Joinder and Additional Objection to the Proposed Findings. (Doc. No. 8.) On May 27, 2014, Neilson filed a Response to the Objections, arguing the Objections were untimely filed, pursuant to FRBP 9033, which gives the parties fourteen days of service to file objections to the bankruptcy court's proposed findings. (Doc. No. 9.)
On May 30, 2014, Moore filed a Reply to Neilson's May 27, 2014 Response, contending she never received service of the Proposed Findings. (Doc. No. 11.) On June 3, 2014, Moore filed an additional Objection to the substance of the Proposed Findings. (Doc. No. 12.) On June 5, 2014, the Trust filed its Reply to Neilson's May 27, 2014 Response, arguing this Court is not bound by the deadlines set by FRBP 9033. (Doc. No. 13.)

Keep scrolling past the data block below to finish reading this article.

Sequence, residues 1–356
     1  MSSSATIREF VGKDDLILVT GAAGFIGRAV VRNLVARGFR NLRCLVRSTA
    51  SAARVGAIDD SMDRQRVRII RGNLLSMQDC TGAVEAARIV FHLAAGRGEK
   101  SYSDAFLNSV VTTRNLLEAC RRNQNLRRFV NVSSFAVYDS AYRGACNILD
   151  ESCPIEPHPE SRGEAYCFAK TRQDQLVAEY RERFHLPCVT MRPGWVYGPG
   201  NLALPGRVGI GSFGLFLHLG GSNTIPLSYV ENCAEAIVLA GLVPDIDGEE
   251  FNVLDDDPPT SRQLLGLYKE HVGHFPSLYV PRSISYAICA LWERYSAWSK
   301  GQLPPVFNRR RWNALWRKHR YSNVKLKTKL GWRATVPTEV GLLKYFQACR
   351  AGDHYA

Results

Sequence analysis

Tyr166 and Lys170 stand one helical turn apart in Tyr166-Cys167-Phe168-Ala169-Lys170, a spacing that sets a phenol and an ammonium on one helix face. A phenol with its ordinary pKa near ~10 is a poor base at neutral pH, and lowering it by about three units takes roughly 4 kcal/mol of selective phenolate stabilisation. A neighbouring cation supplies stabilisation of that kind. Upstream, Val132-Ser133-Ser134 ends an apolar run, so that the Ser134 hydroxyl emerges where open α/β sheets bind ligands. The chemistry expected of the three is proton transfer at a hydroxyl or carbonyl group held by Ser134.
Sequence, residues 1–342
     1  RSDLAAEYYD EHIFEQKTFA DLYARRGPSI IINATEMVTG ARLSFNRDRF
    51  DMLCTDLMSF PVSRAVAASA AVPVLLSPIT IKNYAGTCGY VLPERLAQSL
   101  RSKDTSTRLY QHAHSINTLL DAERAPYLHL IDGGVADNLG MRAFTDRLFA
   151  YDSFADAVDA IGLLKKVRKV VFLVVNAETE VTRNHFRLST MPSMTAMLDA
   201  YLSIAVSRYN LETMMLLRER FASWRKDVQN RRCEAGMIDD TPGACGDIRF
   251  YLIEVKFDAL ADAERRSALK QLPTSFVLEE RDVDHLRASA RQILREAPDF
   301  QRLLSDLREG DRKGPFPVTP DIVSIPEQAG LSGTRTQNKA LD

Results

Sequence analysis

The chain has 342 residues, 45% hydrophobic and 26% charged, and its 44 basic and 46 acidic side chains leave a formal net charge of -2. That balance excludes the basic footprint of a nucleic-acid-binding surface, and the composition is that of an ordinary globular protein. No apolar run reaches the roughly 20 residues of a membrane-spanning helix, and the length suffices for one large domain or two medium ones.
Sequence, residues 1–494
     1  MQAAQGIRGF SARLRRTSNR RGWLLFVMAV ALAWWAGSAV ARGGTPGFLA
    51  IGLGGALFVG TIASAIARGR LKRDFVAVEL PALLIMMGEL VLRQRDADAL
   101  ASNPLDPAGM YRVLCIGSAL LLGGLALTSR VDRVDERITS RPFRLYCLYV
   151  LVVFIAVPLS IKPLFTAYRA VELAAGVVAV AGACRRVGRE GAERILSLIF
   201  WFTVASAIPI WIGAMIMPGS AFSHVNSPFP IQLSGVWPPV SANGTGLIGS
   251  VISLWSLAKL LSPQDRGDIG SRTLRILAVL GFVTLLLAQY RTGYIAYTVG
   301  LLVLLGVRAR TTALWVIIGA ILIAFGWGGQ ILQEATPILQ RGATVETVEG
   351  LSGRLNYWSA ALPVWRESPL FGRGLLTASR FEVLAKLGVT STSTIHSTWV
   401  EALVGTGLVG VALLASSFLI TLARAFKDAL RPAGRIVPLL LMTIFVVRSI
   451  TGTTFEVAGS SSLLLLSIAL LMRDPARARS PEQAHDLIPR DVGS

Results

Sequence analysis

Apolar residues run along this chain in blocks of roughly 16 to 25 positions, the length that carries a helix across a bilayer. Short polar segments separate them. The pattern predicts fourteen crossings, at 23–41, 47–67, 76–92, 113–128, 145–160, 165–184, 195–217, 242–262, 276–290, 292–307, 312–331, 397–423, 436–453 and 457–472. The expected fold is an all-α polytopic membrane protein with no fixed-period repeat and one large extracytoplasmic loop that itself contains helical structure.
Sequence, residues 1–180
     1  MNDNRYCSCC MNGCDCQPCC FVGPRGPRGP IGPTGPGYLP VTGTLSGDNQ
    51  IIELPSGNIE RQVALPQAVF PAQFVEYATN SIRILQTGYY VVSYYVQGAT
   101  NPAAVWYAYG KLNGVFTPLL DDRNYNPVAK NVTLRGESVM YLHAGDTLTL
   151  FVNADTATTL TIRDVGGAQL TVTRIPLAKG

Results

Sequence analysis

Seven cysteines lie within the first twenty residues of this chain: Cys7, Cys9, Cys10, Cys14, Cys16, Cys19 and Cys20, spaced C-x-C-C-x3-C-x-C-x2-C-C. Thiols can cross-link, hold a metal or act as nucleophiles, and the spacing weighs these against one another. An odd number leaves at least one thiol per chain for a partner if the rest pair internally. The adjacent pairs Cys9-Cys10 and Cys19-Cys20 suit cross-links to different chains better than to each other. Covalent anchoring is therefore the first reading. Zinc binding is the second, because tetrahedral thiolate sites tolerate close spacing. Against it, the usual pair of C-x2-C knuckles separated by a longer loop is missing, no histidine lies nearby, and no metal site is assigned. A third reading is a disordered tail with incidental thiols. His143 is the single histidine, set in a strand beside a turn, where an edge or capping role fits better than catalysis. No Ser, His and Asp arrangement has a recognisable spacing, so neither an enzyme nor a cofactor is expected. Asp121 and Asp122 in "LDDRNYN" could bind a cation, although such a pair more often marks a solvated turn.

On June 9, 2014, as noted above, the clerk of the Bankruptcy Court filed the Proof of Service on the parties, including on counsel for Moore and the Trust, effectuated on February 4, 2014. Relying on this Proof of Service, on June 16, 2014 Neilson filed an additional Response to the Replies by Moore and the Trust, asserting Rule 9033 applies here, the Proposed Findings was served on Moore and the Trust through their counsel on February 4, 2014, and thus the April 22, 2014 and May 13, 2014 filings of the Objections by Moore and the Trust were untimely under FRBP 9033. (Doc. No. 14.) On June 24, 2014, Moore filed another Reply, asserting that (1) Rule 9033 does not apply here, (2) any service of the Proposed Findings on her then-counsel on February 4, 2014 cannot be construed as service on her because her then-counsel filed a motion to withdraw as her counsel on the same day without notifying her of either the motion or the Proposed Findings, and (3) the Bankruptcy Court clerk's June 9, 2014 filing of the February 4, 2014 Proof of Service does not constitute evidence of service on Moore. (Doc. No. 15.)